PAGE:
Mr Rao announced that he had orders from the Attorney-General to enter a nolle prosequi – that the State no longer wished to prosecute the three.
What followed was dramatic. The three men were released and all the papers were signed, but police officers never left their sides, and as the three exited the court they were bundled into a waiting Special Branch vehicle. The thought of detention immediately crossed Mr Odinga’s mind.
They were driven via a roundabout route to Langata Police Station. At day’s end, they were taken to the Nairobi Area police headquarters, where the then provincial police chief, Philip Kilonzo, served them with detention orders signed by then internal security minister Justus Ole Tipis.
“We, three detainees, arrived at Kamiti about midnight, back where we had started the day – but now we had a new home: the isolation block, the detention camp, the prison within a prison. The next phase of the struggle had begun,” writes Mr Odinga.
He would remain in detention without trial, which was lawful at the time, until February 5, 1988, when he was dramatically released by President Moi.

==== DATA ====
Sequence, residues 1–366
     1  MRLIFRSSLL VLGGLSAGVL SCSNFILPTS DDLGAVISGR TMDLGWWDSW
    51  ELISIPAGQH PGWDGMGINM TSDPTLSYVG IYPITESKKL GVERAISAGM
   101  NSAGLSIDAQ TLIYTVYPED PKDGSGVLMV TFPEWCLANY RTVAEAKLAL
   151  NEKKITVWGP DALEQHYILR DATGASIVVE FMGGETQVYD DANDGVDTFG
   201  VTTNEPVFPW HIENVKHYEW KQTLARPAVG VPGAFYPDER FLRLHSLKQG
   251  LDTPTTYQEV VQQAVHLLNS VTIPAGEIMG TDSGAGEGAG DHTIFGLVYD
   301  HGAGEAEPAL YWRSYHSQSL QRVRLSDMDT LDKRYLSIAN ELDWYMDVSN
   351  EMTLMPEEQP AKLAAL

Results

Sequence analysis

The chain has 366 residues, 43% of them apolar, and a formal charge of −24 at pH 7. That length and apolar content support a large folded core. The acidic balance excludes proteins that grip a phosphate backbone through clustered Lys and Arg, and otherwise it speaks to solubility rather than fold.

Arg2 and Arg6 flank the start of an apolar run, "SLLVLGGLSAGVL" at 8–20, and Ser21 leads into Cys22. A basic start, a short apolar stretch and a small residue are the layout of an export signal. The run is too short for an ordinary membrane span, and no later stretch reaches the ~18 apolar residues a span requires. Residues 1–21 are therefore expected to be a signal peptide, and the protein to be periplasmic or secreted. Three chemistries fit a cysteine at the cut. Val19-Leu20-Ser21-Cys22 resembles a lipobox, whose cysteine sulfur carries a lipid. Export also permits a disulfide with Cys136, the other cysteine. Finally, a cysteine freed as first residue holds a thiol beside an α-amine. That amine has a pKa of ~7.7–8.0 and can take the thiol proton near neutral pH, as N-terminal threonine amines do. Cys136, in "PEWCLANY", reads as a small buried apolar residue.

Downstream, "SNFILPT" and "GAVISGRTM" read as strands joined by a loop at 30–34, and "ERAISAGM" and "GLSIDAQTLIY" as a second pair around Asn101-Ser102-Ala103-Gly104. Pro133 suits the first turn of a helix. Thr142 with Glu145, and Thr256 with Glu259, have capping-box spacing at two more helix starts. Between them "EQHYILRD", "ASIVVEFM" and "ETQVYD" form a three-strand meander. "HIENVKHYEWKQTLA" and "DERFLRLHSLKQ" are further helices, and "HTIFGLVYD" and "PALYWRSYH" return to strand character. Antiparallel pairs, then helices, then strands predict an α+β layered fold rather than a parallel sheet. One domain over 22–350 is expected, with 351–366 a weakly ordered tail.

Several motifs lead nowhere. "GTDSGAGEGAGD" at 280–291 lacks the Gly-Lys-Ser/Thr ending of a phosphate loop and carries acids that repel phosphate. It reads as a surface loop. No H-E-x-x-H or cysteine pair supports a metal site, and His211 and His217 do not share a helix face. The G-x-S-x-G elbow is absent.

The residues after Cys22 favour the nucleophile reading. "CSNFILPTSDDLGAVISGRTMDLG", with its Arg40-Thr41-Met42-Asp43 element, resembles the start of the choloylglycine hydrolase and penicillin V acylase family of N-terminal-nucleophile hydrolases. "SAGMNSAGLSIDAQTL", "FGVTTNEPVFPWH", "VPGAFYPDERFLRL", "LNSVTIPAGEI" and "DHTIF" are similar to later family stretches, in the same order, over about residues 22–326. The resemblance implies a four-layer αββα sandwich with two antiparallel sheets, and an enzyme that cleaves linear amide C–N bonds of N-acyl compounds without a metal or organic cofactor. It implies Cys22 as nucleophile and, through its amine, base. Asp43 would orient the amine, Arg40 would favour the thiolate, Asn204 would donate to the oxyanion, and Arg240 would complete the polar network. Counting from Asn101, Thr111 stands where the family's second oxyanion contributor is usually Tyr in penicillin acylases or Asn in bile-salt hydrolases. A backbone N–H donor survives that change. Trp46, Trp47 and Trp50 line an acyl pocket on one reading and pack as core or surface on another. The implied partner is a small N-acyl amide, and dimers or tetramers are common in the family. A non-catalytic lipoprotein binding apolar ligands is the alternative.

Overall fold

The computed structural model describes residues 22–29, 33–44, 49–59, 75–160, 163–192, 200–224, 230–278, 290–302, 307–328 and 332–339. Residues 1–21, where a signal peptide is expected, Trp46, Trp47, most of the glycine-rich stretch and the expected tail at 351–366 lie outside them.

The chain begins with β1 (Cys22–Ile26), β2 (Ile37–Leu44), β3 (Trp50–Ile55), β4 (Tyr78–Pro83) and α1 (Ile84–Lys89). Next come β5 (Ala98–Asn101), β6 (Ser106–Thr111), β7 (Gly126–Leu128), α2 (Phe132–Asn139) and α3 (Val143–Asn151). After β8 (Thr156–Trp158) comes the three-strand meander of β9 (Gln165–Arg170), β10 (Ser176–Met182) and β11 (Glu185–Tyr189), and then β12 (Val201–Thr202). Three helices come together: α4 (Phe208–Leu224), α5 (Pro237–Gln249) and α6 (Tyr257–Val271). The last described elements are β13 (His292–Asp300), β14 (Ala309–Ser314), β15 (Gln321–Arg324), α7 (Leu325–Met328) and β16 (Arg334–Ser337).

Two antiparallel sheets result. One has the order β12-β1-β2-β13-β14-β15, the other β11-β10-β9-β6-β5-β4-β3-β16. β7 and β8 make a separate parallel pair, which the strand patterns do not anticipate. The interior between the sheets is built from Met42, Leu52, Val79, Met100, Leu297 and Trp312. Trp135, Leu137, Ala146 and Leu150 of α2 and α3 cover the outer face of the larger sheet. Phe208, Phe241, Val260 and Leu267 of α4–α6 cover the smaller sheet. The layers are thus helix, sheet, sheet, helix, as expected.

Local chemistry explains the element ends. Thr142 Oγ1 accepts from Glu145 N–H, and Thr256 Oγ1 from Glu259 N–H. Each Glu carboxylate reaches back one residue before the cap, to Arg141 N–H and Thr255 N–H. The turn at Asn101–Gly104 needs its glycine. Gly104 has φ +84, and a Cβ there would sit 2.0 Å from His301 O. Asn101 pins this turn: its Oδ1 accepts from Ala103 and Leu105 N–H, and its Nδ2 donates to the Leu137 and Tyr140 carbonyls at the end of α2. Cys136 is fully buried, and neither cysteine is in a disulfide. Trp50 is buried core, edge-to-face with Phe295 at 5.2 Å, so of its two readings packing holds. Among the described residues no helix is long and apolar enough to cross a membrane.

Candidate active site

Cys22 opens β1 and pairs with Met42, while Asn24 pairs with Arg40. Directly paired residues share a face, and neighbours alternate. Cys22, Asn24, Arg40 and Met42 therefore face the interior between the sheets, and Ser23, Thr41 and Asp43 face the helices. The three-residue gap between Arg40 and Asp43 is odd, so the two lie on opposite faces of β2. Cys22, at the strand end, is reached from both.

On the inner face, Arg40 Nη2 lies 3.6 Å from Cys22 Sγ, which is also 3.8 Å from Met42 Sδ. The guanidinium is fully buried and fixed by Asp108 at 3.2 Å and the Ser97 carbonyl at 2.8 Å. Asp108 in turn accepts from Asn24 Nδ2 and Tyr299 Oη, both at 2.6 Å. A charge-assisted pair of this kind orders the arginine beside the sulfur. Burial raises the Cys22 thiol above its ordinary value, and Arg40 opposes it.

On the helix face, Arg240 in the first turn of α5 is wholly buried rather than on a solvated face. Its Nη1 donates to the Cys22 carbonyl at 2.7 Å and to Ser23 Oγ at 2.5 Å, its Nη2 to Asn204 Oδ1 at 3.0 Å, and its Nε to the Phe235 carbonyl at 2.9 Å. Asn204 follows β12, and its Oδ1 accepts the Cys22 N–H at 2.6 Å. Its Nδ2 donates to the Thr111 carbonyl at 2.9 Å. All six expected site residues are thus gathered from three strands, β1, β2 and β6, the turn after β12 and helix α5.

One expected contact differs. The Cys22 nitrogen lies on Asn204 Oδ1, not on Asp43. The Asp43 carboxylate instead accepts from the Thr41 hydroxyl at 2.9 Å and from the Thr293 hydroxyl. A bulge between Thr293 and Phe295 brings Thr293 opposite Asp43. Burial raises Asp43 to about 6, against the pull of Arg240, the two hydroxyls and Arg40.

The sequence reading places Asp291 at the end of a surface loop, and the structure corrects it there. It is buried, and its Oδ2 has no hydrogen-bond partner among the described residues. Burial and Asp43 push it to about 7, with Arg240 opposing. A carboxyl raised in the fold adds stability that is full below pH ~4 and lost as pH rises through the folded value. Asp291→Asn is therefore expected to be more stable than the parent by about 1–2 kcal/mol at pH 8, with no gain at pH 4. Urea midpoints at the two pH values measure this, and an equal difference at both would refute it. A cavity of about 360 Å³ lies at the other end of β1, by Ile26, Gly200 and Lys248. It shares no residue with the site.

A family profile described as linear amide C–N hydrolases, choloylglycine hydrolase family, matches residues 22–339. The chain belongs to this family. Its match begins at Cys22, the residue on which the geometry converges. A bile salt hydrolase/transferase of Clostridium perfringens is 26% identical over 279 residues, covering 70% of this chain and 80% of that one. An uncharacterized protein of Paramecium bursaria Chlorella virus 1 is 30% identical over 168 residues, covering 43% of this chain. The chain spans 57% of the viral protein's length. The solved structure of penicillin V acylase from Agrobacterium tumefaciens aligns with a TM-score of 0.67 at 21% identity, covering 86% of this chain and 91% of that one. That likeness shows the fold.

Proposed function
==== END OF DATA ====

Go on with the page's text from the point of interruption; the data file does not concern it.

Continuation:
He would survive the solitude by exercising when he could and reading numerous books that his wife Ida sent him (but which had first to be censored by the authorities). He writes that he extensively studied the Bible, the Koran and other religious material, in addition to numerous other types of books, any kind, he could lay his hands on. He would also do some gardening in the prison plot when the authorities allowed, growing different vegetables. He would serve in Kamiti, Manyani, Naivasha and Shimo la Tewa prisons, all of which had gained brutish notoriety since colonial days.
Mr Odinga’s mother died while he was in detention and he would learn of this and of other deaths of relatives painfully, sometimes months after the event, and he would never be allowed out to attend their funerals, a grim testament to the torture meted out by the regime of the day.
Read more about Odinga’s memoir in The Citizen tomorrow